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Bobbie Fellows of Big Timber was stranded in the MetraPark Arena parking lot for 90 minutes after the Women of Faith conference ended just after 5 p.m. May 12.

“I don’t know what the problem was,” said Fellows, one of 10,000 women who attended the religious conference.

“We couldn’t see anybody directing traffic. A good share of the people were still sitting there by the time we left.”

She said, “We were lucky to be able to get into the line that was moving.”

Long lines of cars are nothing new at Metra, which has been holding concerts, trade shows, political rallies and sporting events for a quarter of a century. But state and local officials are working to find ways to avoid repeating two recent occurrences of Metra traffic gridlock.

Thousands of people who saw President George W. Bush at Metra in March were stuck in the parking lot for more than an hour afterward. Bill Chiesa, MetraPark’s general manager, said the Secret Service kept Metra’s parking lots sealed until the presidential motorcade reached the airport, which contributed to the delays.

Chiesa also regrets that so many people were inconvenienced when the Women of Faith conference ended.

Waiting for hours to leave Metra’s parking lot can ruin an otherwise enjoyable event. Not surprisingly, traffic and parking problems usually rank as the biggest complaints when Metra surveys its customers, Chiesa said.

At a recent three-hour meeting, officials from city, state and county agencies began discussing short- and long-term solutions to Metra’s traffic problems. Chiesa said the meeting left him hopeful that the traffic congestion can be resolved through a cooperative effort and improvements to traffic signals along Main Street.

Chiesa said Metra would do everything it can to make sure that future events don’t end during rush hour.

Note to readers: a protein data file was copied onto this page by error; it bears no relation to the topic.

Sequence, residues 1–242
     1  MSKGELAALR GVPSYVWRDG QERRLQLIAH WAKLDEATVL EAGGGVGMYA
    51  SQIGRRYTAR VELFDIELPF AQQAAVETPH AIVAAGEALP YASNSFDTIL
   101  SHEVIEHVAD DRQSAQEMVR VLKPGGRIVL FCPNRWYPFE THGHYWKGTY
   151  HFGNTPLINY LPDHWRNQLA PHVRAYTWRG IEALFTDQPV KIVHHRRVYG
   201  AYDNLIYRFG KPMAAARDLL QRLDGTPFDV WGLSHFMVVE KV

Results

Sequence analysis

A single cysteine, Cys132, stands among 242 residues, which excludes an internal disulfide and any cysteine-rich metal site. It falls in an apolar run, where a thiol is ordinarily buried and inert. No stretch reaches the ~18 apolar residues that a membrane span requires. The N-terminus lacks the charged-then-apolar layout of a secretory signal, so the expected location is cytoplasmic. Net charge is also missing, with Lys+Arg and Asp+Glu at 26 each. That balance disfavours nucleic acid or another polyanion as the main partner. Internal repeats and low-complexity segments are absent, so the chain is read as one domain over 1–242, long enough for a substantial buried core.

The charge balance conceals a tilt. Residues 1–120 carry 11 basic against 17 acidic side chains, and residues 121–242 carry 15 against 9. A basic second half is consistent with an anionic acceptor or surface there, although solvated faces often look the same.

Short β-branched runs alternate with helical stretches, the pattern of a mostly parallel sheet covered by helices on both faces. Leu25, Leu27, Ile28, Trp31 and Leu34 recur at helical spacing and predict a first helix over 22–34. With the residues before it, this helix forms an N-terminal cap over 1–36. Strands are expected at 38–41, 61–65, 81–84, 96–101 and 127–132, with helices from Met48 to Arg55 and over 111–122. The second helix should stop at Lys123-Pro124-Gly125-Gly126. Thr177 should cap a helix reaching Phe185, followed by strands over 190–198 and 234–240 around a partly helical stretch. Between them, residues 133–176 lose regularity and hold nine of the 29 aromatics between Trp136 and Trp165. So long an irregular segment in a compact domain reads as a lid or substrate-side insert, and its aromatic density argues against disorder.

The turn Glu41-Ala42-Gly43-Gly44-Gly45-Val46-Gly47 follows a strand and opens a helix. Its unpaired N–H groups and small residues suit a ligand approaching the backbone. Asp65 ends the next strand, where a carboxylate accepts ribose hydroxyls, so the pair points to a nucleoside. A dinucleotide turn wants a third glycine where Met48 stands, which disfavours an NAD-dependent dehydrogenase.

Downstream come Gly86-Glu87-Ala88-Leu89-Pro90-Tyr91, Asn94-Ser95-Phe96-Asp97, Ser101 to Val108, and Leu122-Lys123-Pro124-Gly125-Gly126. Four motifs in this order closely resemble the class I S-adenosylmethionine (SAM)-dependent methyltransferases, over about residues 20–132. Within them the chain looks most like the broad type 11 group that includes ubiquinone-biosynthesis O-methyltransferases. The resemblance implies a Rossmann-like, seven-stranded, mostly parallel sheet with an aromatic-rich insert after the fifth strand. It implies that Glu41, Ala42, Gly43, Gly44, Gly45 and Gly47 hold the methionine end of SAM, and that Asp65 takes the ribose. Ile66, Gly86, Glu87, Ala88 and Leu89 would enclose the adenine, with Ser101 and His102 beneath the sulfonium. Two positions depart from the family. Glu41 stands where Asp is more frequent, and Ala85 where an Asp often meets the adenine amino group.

“It started out as an informational meeting. But, as it turned out, we identified some fairly simple things to help improve traffic,” said Bruce Barrett, the Montana Department of Transportation’s district manager for the Billings area.

Timing contributed to traffic problems associated with the presidential visit and the Women of Faith conference. Both events ended during rush hour on Main Street, which is Montana’s busiest commercial street, Barrett said.

He said Main handles about 45,000 cars a day.

“So, when you release several thousand cars from Metra during peak periods, it doesn’t take much to screw up traffic,” he said.

In a search for a short-term solution to improve traffic flow, Metra officials agreed to supply the city of Billings with a list of upcoming events, estimates of the number of vehicles and the approximate end times. Traffic signals on Main Street are owned by the Montana Transportation Department, but the city operates and maintains them.

Barrett and Chiesa agreed that traffic congestion near MetraPark is less of a problem when events end during off-peak hours.

Other long-term solutions are in the works to improve traffic flow on Main Street and around Metra, Barrett said.

Within months, new computerized signal controllers will be installed on traffic lights from First Avenue North to Wicks Lane.

The new equipment, which is expected to cost between $750,000 and $1 million, will enable traffic engineers to program traffic signals off site by using a computer, Barrett said. Under the current system, traffic signals must be adjusted on site, Barrett said.

Traffic on Main Street will continue to grow because of new commercial developments such as Wal-Mart and Target.

“We have to do these kinds of things to keep up,” Barrett said.

“We’ll be able to sit in our office and change the timing on the lights,” said Terry Smith, traffic engineer for the city of Billings.

Smith said improved communications among Metra, the city and the state would help the three agencies plan for big crowds.

“If they tell us we’re expecting 2,000 cars to leave Metra at 9:30 p.m., we’ll be able to sit down and plan for it,” Smith said.

TranSystems Corp., a traffic engineering firm with an office in Billings, also is conducting a study to see if traffic flows can be improved by changing the timing of signals.

Chuck Strum, Billings office manager for TranSystems, said traffic flow is measured using automated traffic counters and observers posted at intersections. The information is transferred to a computer program, and the consultant then develops a plan for moving traffic more efficiently.

“Hopefully, you come up with a plan that allows somebody to drive the length of Main Street without stopping,” Strum said.

Tom Howard can be reached at 657-1261 or at

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